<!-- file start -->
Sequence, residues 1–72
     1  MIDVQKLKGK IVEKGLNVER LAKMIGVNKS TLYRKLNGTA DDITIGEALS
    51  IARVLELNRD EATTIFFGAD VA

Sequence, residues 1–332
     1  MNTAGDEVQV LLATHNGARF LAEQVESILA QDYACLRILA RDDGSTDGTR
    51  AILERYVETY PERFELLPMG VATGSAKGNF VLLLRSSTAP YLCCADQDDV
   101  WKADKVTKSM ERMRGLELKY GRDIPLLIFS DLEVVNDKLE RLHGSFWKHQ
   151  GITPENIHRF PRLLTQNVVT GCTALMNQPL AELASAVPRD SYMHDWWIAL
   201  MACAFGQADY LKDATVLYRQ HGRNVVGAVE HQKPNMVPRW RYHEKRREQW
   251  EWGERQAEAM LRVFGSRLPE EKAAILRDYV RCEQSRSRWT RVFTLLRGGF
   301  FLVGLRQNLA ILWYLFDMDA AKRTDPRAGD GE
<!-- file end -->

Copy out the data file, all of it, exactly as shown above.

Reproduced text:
Sequence, residues 1–72
     1  MIDVQKLKGK IVEKGLNVER LAKMIGVNKS TLYRKLNGTA DDITIGEALS
    51  IARVLELNRD EATTIFFGAD VA

Sequence, residues 1–332
     1  MNTAGDEVQV LLATHNGARF LAEQVESILA QDYACLRILA RDDGSTDGTR
    51  AILERYVETY PERFELLPMG VATGSAKGNF VLLLRSSTAP YLCCADQDDV
   101  WKADKVTKSM ERMRGLELKY GRDIPLLIFS DLEVVNDKLE RLHGSFWKHQ
   151  GITPENIHRF PRLLTQNVVT GCTALMNQPL AELASAVPRD SYMHDWWIAL
   201  MACAFGQADY LKDATVLYRQ HGRNVVGAVE HQKPNMVPRW RYHEKRREQW
   251  EWGERQAEAM LRVFGSRLPE EKAAILRDYV RCEQSRSRWT RVFTLLRGGF
   301  FLVGLRQNLA ILWYLFDMDA AKRTDPRAGD GE